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Greg Jennings says iconic Super Bowl play shouldn’t have happened

Former Packers receiver Greg Jennings calls it the biggest catch of his career. It was third-and-10 late in the fourth quarter, the Packers clinging to a five-point lead against the Pittsburgh Steelers in the Super Bowl.

Aaron Rodgers fires a laser shot over the outstretched fingers of Ike Taylor to Jennings for a first down, and Jennings says flat out, it shouldn’t have worked.

“That play should have never happened,” he said in an interview with Locked On Packers. “The fact that Aaron even stayed with me should never happen. He is coached to get off me the moment i don’t get inside.”

As Jennings tells it, the Steelers were in a two-safety, man coverage look where it’s the cornerback’s job not to let the receiver inside where he has no help.

“Aaron looks at me in the huddle and is like I’m coming to you. I’m like Ike Taylor has been following me everywhere. I’m literally in my mind as I’m running to the line thinking ‘Ok how in the world am I going to get inside Ike Taylor?’ because I see it’s two-man. As a savvy vet, if there’s one person on their defense who’s not gonna let me get inside, or not let someone get inside, it’s Ike.”

But he knew to avoid disaster, he had to make it work.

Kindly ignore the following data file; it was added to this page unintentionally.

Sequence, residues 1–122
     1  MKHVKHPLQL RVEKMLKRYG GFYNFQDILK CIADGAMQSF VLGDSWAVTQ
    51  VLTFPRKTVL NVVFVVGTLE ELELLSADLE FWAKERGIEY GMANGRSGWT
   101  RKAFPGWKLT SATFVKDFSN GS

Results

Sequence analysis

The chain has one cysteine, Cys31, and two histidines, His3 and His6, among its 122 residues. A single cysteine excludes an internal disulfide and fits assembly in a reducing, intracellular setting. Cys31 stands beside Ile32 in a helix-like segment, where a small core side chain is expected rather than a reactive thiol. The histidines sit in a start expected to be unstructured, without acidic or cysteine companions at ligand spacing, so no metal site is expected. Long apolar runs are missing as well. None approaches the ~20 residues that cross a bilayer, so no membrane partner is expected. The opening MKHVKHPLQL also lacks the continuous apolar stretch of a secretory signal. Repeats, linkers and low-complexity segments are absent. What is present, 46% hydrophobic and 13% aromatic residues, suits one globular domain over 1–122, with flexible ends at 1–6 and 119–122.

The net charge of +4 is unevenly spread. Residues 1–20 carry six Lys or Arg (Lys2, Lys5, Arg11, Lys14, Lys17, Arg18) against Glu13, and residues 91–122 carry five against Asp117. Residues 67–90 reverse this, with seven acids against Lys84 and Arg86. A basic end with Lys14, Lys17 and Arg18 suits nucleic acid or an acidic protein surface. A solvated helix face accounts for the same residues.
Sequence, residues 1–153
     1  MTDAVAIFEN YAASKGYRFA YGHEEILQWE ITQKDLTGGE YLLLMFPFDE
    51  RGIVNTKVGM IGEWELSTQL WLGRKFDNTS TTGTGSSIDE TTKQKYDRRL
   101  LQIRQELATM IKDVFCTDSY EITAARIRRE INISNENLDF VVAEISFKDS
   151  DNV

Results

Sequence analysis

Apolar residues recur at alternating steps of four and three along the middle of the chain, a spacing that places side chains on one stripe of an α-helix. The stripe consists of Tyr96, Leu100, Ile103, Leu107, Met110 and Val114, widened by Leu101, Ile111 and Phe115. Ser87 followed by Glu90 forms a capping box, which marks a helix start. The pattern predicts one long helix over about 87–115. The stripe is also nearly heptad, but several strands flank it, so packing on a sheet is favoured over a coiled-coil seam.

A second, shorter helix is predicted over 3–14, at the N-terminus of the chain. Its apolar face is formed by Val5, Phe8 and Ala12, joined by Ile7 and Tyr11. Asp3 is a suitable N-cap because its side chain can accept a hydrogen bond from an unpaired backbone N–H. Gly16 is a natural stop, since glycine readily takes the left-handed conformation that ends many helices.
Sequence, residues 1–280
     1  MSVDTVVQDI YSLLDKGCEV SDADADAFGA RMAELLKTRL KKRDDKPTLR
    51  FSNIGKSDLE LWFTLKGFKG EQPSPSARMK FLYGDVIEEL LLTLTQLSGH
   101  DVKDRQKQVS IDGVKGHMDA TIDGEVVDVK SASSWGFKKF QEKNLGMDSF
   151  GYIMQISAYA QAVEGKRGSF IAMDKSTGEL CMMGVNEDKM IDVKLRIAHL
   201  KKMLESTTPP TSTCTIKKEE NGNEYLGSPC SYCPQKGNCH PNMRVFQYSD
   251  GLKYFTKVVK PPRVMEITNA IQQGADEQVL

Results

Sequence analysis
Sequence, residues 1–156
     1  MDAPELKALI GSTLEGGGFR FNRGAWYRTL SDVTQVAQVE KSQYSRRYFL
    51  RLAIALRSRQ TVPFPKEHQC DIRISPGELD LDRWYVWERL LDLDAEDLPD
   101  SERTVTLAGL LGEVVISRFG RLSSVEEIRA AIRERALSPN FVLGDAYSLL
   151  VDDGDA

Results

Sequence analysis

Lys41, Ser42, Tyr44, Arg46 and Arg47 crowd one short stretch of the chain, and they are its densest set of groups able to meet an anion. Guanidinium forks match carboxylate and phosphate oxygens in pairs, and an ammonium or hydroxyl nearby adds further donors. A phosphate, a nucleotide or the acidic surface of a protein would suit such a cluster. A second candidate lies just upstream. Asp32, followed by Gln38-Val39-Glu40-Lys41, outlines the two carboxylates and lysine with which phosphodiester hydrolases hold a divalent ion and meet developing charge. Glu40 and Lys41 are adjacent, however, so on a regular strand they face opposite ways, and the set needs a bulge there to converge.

“And I’m thinking, ‘He’s not gon’ let me get in there.’ I never felt like I wouldn’t be able to do something, and I just knew I could not take any chance with dilly dallying on the line trying to get inside because I would get caught up. So I gave him a jab, a little hesitation off the line and just ran around him really quick and I knew just run, just run.c And if I could bend it just enough … which again, I’m not even — I’m not open!”

“There’s no way he should have thrown that,” he says with a laugh.

If he hadn’t, we would be without one of the most memorable plays in recent Super Bowl history.

Listen to the full interview here:

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Peter Bukowski is an award-winning writer, reporter and broadcaster living in New York. He has covered the NFL for Sports Illustrated, USA Today, Bleacher Report, Yahoo!, and many others. His work has been recognized by the Wisconsin Newspaper Association and the Society for Professional Journalists. Peter is a member of the Pro Football Writers of America. He hates your favorite team and makes dumb jokes on Twitter.

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